I started exploring Montana just before Labor Day weekend and soon found a serene and picturesque lake in the Flathead National Forest, Holland Lake. I appreciated how, unlike so many other lakes, this lake did not have wealthy lake houses all along its shoreline. It was a completely natural setting, apart from a humble lodge and marina. Due to the holiday weekend, there were many campers along the lake’s trails, and many paddleboarders, canoers, kayakers, all in light and merry spirits enjoying the perfect weather. For just a high northern lake, the water was quite comfortable, water you could play in all day without a shiver. I spent the weekend fishing, paddleboarding, and playing flute in the woods. I’ve become quite addicted to the trout fishing out west actually, especially here in Montana where big trout of all varieties can be found in abundance in nearly any stream. After a few days at lake Holland, I spent several more fishing the Blackfeet and Clark Fork rivers, both with flys and spinners, and I’ve enjoyed quite a few good meals on the freshest trout: rainbows, cutthroats, and brookies. Since I was so close to Glacier National Park, despite warnings I had heard about crowds, I also took the opportunity to visit the park and drive the famous “Going To The Sun Road”. I have to say, though the park was indeed breathtakingly beautiful, I’ve fallen a bit out of love with our National Parks. Too many roads, regulations, and tourists. At both Yellowstone and Glacier, you’re not allowed to take your dog on any trails, nor does a statewide fishing permit allow you to fish the parks. You have to buy a separate park license. All I really wanted to do at the parks was find a nice scenic pulloff to play my flute and drum, but every pulloff were jampacked with cars and a frenzy of people, and the roads were contstantly roaring with traffic. If you travel with a dog, it’s nearly impossible to find solitude in these parks. I camped nearly every night of this journey in national forests which I FAR prefer: way less people, roads, and regulations, only a thin network of dirt forest roads and the wide open wilderness without rangers constantly watching you. The forests have just as much scenic beauty and wildlife as the national parks, only less accomodations, people, and paved access roads, which makes them significantly better. The only drawback of the forests, especially here in Montana, is heavy logging. They “thin” the forests, saying it’s good for a whole list of bullshit reasons. In reality, logging interests just want a homogenized crop of profitable timber they can harvest in regularity. Whatever “good” the thinning does for the trees, it’s absolutely devastating to the wildlife and natural ecosystems of those areas. Some areas of the forests feel sad and desolate, more like graveyards than a vital and thriving ecosystem. Make no mistake, the US Forest Service does not serve to protect our forests, but to pimp them out to the highest bidder.
I’m currently at Sandpoint in Northern Idaho. It’s a very charming town that seems chock full of pretty women, however, I’m not really interested in towns, or even women so much on this journey, at least as much as I can help it, but my biological makeup has priorities of its own. So I’m just doing a load of laundry then heading back over to Montana’s most northwestern and least visited national forest, the Kootenai NF, home to wolves, grizzlys, and cougars. Being so northern and sparsely populated, this is probably my chance on this journey so far to encounter and view wolves, which is a prime goal of mine. Maybe I could even glimpse the northern lights, another goal. I’m gonna spend at least a week up their wandering around hoping for such an encounter. As of last night, I had intended to go visit the beautiful coast of Oregon, an old friend in Grants Pass, and then continue on to the holy and sacred Mt. Shasta. The unprecedented amount of wildfires has derailed that plan. Even the friend I intended to visit is under evacuation. I can’t even imagine how much smoke their must be in the air. In two weeks I’ve signed up for a pistol course in Reno Nevada so I can get my Arizona concealed and carry permits which reciprocates with 36 states and allows out of state applicants. I’ve noticed that gun courses all over the nation are sold out and its very hard to get a slot in one. As many have heard, gun sales this year have skyrocketed due to tyranny and riot fears, but their all clamoring as well to get their conceal and carry permits. I got the last slot in Reno, and if I miss it, I probably won’t be able to get the permit until after the election, and by then it will be too late when civil unrests sweeps across the nation with more ferocity than these wildfires. But perhaps by then a permit won’t be needed anyhow in such a brutal and lawless climate. Anywho, over the next two weeks I’m gonna fish my way down through Montana and Wyoming. In southern Wyoming, at the Red Desert, or Great Basin, I’ve been told one find stones of natural tourqoise. I definitely wanna check that out. From their I’ll get across Utah as fast as possible. That mormon compound freaks me out and the cops are crooked as sin. Then I get to look forward to the very long haul across northern Nevada to the Reno/Tahoe area. I actually enjoy that drive a lot. I love barren emptiness. It’s why I’m out here. It’s what I seek.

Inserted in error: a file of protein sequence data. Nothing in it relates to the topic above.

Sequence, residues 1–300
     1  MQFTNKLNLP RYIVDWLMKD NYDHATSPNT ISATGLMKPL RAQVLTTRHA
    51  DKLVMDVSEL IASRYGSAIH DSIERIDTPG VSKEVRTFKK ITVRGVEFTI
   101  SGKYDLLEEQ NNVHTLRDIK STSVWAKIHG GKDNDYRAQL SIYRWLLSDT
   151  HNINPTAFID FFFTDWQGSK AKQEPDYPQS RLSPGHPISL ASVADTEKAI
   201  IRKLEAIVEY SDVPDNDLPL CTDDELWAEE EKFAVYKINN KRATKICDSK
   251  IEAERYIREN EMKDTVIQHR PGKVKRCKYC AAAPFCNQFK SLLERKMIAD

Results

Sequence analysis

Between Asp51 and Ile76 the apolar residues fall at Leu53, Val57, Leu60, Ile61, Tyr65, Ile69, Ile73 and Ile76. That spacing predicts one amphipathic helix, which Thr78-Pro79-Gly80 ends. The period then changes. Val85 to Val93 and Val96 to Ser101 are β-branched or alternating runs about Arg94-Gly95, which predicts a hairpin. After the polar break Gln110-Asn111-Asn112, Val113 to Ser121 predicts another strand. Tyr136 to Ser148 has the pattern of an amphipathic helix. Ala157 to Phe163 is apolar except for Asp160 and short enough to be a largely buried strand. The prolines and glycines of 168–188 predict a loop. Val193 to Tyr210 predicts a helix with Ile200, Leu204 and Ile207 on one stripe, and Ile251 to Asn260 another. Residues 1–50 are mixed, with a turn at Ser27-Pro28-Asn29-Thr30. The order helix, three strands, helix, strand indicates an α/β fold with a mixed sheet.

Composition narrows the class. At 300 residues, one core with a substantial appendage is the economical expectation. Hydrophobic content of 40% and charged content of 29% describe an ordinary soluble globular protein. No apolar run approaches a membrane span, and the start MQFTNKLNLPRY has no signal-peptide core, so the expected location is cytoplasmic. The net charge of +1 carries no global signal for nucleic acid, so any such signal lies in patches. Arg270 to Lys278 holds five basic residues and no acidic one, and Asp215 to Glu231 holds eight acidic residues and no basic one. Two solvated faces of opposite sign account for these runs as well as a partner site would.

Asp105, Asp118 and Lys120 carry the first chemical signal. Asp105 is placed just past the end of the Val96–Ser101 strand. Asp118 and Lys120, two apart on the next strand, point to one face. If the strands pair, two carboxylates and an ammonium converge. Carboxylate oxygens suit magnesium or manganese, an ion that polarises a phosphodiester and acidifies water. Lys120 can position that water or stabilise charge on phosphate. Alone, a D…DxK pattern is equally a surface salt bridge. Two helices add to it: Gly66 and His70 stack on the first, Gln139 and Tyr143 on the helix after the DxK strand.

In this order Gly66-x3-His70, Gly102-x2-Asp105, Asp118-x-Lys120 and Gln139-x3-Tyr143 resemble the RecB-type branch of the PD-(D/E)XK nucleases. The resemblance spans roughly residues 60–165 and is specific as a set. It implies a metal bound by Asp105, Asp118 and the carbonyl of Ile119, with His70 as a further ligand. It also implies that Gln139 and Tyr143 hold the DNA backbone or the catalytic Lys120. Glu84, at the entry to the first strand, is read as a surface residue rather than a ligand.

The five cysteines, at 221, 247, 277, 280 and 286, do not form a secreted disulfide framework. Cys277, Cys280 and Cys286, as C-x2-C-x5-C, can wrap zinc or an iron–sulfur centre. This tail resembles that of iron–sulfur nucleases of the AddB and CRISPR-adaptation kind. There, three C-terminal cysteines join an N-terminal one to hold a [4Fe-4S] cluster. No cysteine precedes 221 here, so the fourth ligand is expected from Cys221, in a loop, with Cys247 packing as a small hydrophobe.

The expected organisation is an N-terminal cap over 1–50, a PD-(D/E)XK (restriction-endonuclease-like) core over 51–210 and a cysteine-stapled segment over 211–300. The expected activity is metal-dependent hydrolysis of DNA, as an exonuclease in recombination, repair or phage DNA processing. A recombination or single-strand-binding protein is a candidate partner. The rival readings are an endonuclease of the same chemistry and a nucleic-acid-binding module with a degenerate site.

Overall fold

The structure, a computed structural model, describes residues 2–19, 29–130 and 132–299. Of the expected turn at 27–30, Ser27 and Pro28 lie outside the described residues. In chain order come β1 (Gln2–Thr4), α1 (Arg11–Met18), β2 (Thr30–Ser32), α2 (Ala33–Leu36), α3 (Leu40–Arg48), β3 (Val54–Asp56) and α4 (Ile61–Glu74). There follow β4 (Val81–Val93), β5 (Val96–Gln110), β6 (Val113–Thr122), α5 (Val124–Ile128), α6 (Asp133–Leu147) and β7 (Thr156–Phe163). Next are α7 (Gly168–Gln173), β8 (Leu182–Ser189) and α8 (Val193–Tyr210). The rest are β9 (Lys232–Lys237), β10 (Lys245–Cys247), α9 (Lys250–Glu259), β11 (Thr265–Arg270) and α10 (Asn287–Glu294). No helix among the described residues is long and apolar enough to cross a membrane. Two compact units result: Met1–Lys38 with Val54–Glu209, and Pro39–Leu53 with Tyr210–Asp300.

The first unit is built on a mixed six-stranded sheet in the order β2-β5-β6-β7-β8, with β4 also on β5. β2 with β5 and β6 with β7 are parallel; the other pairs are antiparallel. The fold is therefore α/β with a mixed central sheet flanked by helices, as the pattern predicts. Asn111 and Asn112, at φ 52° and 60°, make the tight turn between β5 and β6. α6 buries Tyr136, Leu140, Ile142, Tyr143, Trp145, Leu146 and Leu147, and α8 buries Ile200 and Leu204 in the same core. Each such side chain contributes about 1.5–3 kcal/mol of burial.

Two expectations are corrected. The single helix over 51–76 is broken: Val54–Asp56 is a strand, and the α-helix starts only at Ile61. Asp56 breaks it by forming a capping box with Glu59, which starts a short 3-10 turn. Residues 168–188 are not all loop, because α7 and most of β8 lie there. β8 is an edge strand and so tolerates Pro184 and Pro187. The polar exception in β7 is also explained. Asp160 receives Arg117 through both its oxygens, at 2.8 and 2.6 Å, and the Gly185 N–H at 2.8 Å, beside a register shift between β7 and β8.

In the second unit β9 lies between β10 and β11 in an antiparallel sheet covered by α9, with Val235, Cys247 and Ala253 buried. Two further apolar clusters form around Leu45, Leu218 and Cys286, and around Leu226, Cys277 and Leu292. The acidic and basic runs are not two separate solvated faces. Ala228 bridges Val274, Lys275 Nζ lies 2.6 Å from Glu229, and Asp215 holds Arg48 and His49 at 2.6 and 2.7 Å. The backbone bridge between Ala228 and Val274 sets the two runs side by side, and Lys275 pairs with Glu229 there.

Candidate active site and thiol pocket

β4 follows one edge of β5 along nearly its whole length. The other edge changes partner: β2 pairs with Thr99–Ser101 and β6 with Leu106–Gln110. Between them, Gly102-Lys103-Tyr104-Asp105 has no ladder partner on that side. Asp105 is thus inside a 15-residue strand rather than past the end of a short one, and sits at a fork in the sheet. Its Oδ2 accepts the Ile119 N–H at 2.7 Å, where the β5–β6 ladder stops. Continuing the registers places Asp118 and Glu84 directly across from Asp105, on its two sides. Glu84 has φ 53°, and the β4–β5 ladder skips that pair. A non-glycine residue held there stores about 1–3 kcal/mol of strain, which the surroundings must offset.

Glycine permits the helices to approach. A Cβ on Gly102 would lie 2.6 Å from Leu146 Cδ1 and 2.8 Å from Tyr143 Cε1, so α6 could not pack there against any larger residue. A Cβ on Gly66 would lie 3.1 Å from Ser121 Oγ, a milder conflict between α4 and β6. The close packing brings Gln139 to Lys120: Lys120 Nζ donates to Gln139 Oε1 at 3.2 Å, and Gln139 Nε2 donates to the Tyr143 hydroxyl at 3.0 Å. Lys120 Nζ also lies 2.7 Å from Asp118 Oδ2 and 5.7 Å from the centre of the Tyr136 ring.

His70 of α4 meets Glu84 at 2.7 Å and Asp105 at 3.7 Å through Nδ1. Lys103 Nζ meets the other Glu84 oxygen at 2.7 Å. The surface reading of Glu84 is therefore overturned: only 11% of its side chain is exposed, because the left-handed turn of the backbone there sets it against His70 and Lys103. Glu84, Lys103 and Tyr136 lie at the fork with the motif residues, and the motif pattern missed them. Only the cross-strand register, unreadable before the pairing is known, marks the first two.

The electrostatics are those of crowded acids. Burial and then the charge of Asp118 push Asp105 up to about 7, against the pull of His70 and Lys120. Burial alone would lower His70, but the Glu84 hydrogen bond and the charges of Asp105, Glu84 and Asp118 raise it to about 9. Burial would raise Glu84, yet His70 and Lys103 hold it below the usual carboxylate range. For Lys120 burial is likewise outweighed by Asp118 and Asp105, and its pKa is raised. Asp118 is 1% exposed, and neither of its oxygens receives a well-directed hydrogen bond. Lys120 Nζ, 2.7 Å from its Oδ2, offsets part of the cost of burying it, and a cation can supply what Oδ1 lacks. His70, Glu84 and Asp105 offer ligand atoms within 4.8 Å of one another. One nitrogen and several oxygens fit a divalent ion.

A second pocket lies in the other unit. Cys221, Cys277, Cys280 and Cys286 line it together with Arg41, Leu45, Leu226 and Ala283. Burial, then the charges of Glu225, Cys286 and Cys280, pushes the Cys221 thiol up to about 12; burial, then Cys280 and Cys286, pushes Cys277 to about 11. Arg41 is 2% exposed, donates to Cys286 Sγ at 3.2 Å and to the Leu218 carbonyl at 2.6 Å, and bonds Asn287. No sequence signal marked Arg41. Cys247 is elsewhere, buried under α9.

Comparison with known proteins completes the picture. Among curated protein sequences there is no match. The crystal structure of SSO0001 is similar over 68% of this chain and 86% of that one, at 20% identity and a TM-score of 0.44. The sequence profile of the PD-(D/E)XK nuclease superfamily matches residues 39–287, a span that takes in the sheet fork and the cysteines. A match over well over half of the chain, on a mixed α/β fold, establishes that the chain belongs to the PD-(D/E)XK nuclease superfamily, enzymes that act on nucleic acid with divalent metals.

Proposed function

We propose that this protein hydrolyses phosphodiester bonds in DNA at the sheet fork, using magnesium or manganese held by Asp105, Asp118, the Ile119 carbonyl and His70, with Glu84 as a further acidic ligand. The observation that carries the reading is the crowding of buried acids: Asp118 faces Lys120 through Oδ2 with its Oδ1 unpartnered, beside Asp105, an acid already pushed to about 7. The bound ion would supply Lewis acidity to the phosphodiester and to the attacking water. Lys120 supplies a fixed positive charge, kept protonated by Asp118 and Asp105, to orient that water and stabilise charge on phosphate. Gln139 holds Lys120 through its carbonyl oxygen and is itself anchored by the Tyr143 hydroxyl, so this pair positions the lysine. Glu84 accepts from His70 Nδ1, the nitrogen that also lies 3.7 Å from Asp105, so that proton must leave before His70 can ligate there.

One thought on “Fishing And Paddling In Montana”
Hi Mateo. Glad to hear you are finding a place of quiet for your life to drift in a peaceful rest. I hope you get to see wolves and northern lights. God bless you.